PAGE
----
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Deerhurst Resort, Summit lodges lounge. (Photo by Dave LeBlanc for The Globe and Mail.)
Deerhurst Resort, Summit lodges lounge. (Photo by Dave LeBlanc for The Globe and Mail.)

Ready-made Muskoka for busy urbanites Add to ...

Sometimes, the Muskoka mystique becomes tangible: Jagged slanted rocks, sparse tall trees bending in the wind, and a pungent forest scent all come together at once. That's why generations have come here, and why the Group of Seven painted its pleasures more than any other; in fact, the Group almost called themselves "The Algonquin School."

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When the Group of Seven had their first exhibition in 1920, the lodge that would become Deerhurst Resort had been in operation for almost a quarter century. Opened in 1896 by Englishman Charles W. Waterhouse on a four-acre site on Peninsula Lake, it sported 18 bedrooms and a smoking lounge. Under the stewardship of two more generations of the Waterhouse family, it would continue to grow until it boasted 780 acres by the 1990s. While much altered, that original lodge building - where Shania Twain got her start in the 1980s - still stands.

Because of the slow expansion, decision to add private condominium residences to the mix (starting in the 1970s), various ownership changes over the past two decades, and the piecemeal selloff of small parcels of land to private developers, Deerhurst possesses an organic, haphazard charm that a built-at-once resort could never provide. Which is why, when ownership changed yet again to Gil Blutrich's Toronto-based Skyline Hotels & Resorts a few months ago, there was reason for trepidation.

Deerhurst works, in my opinion, because it doesn't feel too planned or obsessively manicured. While there are two top-notch golf courses and a pavilion large enough to hold an indoor swimming pool, two restaurants and the G8 Summit, there are also forested areas and rough-looking buildings in need of paint. It's where you drag a Muskoka chair to the water's edge rather than being told where to sit. And my guess is people like it that way.

A few weeks ago, I met with Skyline sales and marketing director Harley Nakelsky. Whether walking through the pavilion or driving to the various sites (such as the private airstrip or the sugar shack where they make their own maple syrup), that Deerhurst is unique because of these qualities kept coming up in conversation; when Mr. Nakelsky spoke of a future indoor waterpark or the recently opened outdoor paintball area, he stressed that these (ad)ventures were meant to add variety to the roster rather than being quick money-making schemes. When talking of possible expansion, it was on out-of-the-way lots near the Highlands golf course rather than at the more valuable water's edge.

Perhaps most interesting is Skyline's plan to transform the five, pre-existing "Sport Villa" buildings - just steps away from the main pavilion - into private, fully furnished condominiums. Not only are these where the G8 leaders hung their hats last summer, the 120 units (each approximately 550 square feet) already have fireplaces and private decks.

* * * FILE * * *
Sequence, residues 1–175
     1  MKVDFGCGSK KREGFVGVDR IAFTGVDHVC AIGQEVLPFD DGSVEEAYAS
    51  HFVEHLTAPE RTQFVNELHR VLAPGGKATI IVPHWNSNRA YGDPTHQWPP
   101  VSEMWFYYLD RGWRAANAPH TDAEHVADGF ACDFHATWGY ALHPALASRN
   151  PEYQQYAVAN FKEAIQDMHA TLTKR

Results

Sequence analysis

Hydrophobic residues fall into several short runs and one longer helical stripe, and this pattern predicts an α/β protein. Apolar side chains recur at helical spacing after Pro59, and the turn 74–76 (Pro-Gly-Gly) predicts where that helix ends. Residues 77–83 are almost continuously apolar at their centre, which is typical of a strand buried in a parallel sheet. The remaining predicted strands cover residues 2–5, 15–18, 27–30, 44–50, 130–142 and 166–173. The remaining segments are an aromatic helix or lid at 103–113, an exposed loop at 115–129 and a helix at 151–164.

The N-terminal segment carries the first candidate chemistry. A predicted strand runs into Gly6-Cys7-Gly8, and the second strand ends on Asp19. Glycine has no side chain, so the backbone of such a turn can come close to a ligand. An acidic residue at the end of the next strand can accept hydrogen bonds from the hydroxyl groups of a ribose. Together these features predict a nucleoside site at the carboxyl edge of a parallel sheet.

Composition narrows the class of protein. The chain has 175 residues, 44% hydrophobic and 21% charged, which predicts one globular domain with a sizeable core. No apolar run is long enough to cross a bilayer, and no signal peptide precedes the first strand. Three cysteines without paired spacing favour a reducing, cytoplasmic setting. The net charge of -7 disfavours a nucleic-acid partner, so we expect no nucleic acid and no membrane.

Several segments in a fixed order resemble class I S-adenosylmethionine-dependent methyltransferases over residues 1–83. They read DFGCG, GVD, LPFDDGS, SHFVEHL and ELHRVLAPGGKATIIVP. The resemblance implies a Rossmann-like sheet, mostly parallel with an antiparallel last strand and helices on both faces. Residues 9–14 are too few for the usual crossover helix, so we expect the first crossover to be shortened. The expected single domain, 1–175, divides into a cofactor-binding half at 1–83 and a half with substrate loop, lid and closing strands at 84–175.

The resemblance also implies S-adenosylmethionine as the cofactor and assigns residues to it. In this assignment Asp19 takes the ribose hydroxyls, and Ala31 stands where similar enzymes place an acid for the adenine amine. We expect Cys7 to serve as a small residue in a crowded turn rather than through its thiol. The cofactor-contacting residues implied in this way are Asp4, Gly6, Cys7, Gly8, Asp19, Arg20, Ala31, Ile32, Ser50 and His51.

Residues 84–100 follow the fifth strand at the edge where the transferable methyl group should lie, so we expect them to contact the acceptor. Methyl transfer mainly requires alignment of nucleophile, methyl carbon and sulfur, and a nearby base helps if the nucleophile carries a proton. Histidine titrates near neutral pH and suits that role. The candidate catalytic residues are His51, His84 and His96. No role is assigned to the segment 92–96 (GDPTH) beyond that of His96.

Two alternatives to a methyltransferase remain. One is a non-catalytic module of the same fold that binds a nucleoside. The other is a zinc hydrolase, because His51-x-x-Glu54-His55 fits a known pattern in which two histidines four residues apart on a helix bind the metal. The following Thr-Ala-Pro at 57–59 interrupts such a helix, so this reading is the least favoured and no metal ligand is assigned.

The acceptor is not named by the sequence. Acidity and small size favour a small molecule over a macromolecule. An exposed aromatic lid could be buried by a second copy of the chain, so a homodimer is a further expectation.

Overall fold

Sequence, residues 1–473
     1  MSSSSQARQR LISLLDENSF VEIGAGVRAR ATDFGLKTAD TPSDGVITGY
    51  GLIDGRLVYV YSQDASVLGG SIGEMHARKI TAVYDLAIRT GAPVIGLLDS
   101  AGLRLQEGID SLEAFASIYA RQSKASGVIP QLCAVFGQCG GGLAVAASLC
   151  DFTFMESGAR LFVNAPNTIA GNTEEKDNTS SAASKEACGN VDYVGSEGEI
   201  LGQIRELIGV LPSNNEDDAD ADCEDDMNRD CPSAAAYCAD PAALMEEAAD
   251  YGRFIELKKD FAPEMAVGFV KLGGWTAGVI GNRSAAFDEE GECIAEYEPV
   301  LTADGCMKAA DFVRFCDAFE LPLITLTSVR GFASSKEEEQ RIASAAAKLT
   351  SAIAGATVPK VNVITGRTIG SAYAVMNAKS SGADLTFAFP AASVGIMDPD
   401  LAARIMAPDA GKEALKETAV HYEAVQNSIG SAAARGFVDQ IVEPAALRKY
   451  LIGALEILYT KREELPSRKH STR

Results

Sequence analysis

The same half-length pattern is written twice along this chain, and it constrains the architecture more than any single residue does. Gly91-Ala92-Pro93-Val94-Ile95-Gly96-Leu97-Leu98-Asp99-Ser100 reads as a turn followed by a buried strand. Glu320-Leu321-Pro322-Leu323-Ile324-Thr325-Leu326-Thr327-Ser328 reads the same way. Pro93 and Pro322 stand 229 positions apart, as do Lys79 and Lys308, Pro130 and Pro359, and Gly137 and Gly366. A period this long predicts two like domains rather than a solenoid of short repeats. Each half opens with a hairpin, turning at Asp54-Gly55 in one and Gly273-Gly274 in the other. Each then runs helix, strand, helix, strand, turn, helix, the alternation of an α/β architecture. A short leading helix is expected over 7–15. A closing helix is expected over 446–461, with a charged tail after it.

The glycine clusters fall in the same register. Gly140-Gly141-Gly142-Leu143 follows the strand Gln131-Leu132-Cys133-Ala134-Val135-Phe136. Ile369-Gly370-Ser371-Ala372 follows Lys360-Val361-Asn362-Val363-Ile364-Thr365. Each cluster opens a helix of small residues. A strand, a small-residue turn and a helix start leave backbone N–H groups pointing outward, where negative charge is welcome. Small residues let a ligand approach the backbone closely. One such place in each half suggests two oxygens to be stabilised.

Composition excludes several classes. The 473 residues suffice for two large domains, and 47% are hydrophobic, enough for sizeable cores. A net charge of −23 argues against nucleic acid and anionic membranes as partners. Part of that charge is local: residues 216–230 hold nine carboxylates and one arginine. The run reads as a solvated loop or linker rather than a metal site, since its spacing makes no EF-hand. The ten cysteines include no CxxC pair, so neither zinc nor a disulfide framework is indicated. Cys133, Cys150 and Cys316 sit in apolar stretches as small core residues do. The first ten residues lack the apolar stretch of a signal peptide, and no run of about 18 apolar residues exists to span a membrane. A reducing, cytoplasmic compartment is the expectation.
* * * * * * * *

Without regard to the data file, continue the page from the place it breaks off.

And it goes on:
Starting at $149,900, it's an inexpensive way to own a private piece of Muskoka history. "No one believes that it's whole ownership," said Mr. Nakelsky of the newly christened Summit Lodges. "I still get people who register at our website and say the same thing: 'This is time-share, right?'"

Although some of the suites were renovated for the G8 leaders last summer, even those will be redone by The Design Agency to reflect a more traditional Muskoka vibe. Barnboard headboards and bedside driftwood lamps in bedrooms and woodsy graphic wallpaper, casual furniture and chunky log tables in living rooms will encourage a more relaxed pace. In the currently empty, cavernous three-storey atrium in each building (where I'm told 1970s and 80s hot tub parties used to take place) there will be an amenities space with a large dining area and prep kitchen; on the other side of a floor-to-ceiling, double-sided fireplace a lounge area will be set up.

If that weren't enough, purchasers will be automatically enrolled into Skyline's "Skylife" rewards program, which offers discounts at other Skyline properties, including Horseshoe and downtown Toronto's Cosmopolitan and Pantages hotels.

Since I've never been much of a camper or cottager, this no-fuss escapism appeals to me: I'm at a resort but I can paddle someplace Group of Sevenish if the mood strikes, and if I need more civilization than Deerhurst's restos, bars and spa can offer, I'm only a few minutes from Huntsville. "You're not buying a cabin in the woods," agrees Mr. Nakelsky. "You're right in the centre of everything, but it kind of feels like you're in a cabin." A cabin with cable TV, natch, and when I'm in the city the unit makes money via the rental program. It's ready-made Muskoka for busy urbanites, without the angry bears.

Despite the increase in tourism and development, Muskoka, to me anyway, seems perpetually trapped somewhere between 1920 and 1950. Here, the Canadian Shield acts as chastity belt to thwart overzealous developers, which is why it continues to win accolades: National Geographic recently ranked it at the top of its "10 Best Summer Trips of 2011" list.

As a result, it will continue to offer the kind of quiet solitude that painters and poets use to feed their muses for generations to come.

 

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